It took me quite a few attempts before I succeeded, mostly misled by misinformed forum and blog posts. The right post, the one that has all the correct info does exist however: http://www.raspberrypi.org/phpBB3/viewtopic.php?f=26&t=5851. Let me distil this to a short set of instructions, in case you don’t want to dive in and assimilate all that information. Here is what worked for me…

From the command-line, logged-in as root…

1. Get the list of what’s supported by your monitor:

tvservice -d edid
edidparser edid

2. Find the mode that you want in the resulting list (for me it was “HDMI:EDID DMT mode (82) 1920x1080p @ 60 Hz with pixel clock 148 MHz” with a score of 124,416, which wasn’t the highest, explaining why I had a lower resolution by default). The mode number is the one between parentheses: 82.

3. Edit the config file:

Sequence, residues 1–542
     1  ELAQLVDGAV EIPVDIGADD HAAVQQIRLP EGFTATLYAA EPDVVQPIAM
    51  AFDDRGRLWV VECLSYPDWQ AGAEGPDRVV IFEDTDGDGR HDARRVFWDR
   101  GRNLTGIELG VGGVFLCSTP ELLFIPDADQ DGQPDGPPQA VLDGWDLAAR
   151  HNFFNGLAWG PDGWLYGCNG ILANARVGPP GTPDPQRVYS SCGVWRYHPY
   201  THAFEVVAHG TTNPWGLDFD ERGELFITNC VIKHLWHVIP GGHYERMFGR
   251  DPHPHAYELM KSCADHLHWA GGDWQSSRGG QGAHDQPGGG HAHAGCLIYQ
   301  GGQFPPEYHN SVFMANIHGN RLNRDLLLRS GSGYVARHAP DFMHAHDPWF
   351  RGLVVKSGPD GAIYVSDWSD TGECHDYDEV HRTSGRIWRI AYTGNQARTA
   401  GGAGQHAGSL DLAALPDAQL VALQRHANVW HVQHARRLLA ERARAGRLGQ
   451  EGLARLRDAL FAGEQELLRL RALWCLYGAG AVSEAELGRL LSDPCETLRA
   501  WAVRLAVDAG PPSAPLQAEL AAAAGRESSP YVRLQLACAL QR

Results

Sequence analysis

nano /boot/config.txt

Find the section about HDMI, uncomment it and set the right group and mode from step 2. If your mode description contains “DMT”, the group should be 2, and if it contains “CEA”, it should be 1, so for me that was:

hdmi_group=2
hdmi_mode=82

Exit the editor with CTRL+X, followed by Y.

4. Reboot:

shutdown -r now

Logging SQL queries in Orchard

It is often useful to see what database queries were made during a specific request in Orchard. There are quite a few ways to do this (you can trace right from SQL Server, or you can use Mini-Profiler for instance), but this morning Sébastien showed me a really easy one that I thought I’d share.

Find the log4net.config file in /src/Orchard.Web/Config and edit it to add the following tag:

<logger name="NHibernate.SQL">
  <priority value="DEBUG" />
</logger>

Restart the application, then hit the URL you want to test, and look at your logs in App_data/logs. You should see new entries looking like this:

2013-04-03 18:57:30,367 [17] NHibernate.SQL -
  SELECT warmupsett0_.Id as Id575_0_,
         warmupsett0_.Urls as Urls575_0_,
         warmupsett0_.Scheduled as Scheduled575_0_,
         warmupsett0_.Delay as Delay575_0_,
         warmupsett0_.OnPublish as OnPublish575_0_
  FROM VuLu_Orchard_Warmup_WarmupSettingsPartRecord warmupsett0_
  WHERE warmupsett0_.Id=@p0;

  @p0 = 1 [Type: Int32 (0)]

(only not as nicely formatted)

To disable the SQL trace, just edit log4net.config and set the value to ERROR instead of DEBUG.